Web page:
With a health care environment defined by complexity, uncertainty, and volatility, one thing is certain – CHANGE is inevitable. Like it or not, the next decade promises change of unprecedented magnitude in health care. Sometimes it is best to resist change, and sometimes to align with change, but always we should rise to the challenge, be leaders, and create the future. We must never forget that the future belongs to those who prepare today.

The discovery of anesthesia changed the world, and our specialty has evolved dramatically over the past few decades. Anesthesia practice and its scope have advanced and improved, in large part as a result of clinical and translational investigation, discovery of new drugs and technologies, and extension of our practice from the OR to the entire course of perioperative care. As a result of these advances, clinical practice has advanced and quality, safety, and outcomes have improved. Advances in anesthesia care have allowed patients to undergo innovative procedures safely, resulted in shorter lengths of hospital stay, and have facilitated the transition of care from hospitals to a variety of other settings. In short, we have impacted the lives of our patients and created new roles and opportunities for anesthesiologists throughout the health care system. But there are “burning platforms” such as cost structure, system fragmentation, quality and safety, and equity that we must address and overcome.

This supplement describes many of the critical issues of importance to anesthesiologists – and our communities – that we must address over the next decade. It focuses on the current and future state of anesthesiology from a clinical, research, and practice management perspective while also addressing important issues related to quality, safety, and access to care. It also considers broader issues impacting health care and anesthesia practices, including diversity, equity, and inclusion and the crisis in health care disparities that have become so glaring in the last year.

The next eight to 10 years are critical for our specialty and the important roles anesthesiologists have in perioperative medicine and beyond. The supplement provides a foundation upon which to address the challenges and opportunities for anesthesiology. Many of the articles are thought-provoking; some propose significant new approaches to defining the role of anesthesiologists in the health care system and how we can most effectively continue to advance the concept of value-based anesthesia care. You may not always agree with the authors, and some of the goals may be difficult to accomplish. We hope this collection of articles provides interesting ideas and approaches that clarify a vision around which impactful and durable change can take place to secure the future of physician-led anesthesiology and the health of our patients.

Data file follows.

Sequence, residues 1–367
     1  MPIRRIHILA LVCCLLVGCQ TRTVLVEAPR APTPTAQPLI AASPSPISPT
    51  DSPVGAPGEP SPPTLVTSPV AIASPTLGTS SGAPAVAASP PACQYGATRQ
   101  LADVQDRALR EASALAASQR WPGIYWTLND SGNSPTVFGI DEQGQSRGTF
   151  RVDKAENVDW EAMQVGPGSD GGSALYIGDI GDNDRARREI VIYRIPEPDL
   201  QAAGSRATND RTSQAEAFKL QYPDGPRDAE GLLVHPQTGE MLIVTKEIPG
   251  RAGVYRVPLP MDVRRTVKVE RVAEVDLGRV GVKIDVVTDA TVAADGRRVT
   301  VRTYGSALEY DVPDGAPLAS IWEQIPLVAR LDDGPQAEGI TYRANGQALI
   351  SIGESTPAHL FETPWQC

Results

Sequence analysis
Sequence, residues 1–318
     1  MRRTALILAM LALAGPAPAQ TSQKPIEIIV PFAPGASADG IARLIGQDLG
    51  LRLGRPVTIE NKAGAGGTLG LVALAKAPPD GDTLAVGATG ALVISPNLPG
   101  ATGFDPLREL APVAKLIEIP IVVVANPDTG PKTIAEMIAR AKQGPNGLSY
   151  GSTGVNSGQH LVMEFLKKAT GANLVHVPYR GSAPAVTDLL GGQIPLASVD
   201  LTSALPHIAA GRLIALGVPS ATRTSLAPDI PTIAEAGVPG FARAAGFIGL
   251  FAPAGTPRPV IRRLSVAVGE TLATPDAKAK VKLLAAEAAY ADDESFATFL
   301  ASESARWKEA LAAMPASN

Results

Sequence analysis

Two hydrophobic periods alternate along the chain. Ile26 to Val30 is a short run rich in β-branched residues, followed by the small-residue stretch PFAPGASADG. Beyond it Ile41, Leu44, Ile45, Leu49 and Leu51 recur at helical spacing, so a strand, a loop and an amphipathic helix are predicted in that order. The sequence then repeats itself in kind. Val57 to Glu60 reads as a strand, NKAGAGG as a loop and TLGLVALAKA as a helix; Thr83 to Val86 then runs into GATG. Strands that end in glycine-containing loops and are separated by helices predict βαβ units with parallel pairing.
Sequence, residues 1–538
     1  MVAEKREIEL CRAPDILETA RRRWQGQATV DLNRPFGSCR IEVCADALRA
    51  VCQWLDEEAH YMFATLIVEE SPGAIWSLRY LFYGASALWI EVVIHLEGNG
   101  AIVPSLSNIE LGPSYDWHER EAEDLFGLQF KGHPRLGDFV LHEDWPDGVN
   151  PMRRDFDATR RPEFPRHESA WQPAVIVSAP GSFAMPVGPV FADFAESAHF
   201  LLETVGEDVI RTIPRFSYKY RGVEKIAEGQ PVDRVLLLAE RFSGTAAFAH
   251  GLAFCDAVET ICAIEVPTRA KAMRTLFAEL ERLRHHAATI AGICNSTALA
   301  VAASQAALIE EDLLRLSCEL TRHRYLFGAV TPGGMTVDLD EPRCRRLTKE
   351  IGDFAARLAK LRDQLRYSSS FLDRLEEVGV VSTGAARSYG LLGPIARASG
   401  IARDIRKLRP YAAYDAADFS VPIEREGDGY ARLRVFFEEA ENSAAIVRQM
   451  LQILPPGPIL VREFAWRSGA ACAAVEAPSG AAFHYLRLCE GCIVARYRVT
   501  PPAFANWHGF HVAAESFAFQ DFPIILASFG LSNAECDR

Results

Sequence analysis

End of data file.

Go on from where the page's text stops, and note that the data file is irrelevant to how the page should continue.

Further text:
Neal H. Cohen, MD, MPH, MS, Chair, ASA Section on Professional Practice, Vice Dean and Professor, Anesthesia and Perioperative Care and Medicine, UCSF School of Medicine, San Francisco.

Neal H. Cohen, MD, MPH, MS, Chair, ASA Section on Professional Practice, Vice Dean and Professor, Anesthesia and Perioperative Care and Medicine, UCSF School of Medicine, San Francisco.

Daniel J. Cole, MD, FASA, Professor of Clinical Anesthesiology, Department of Anesthesiology and Perioperative Medicine, David Geffen School of Medicine, University of California, Los Angeles.

Daniel J. Cole, MD, FASA, Professor of Clinical Anesthesiology, Department of Anesthesiology and Perioperative Medicine, David Geffen School of Medicine, University of California, Los Angeles.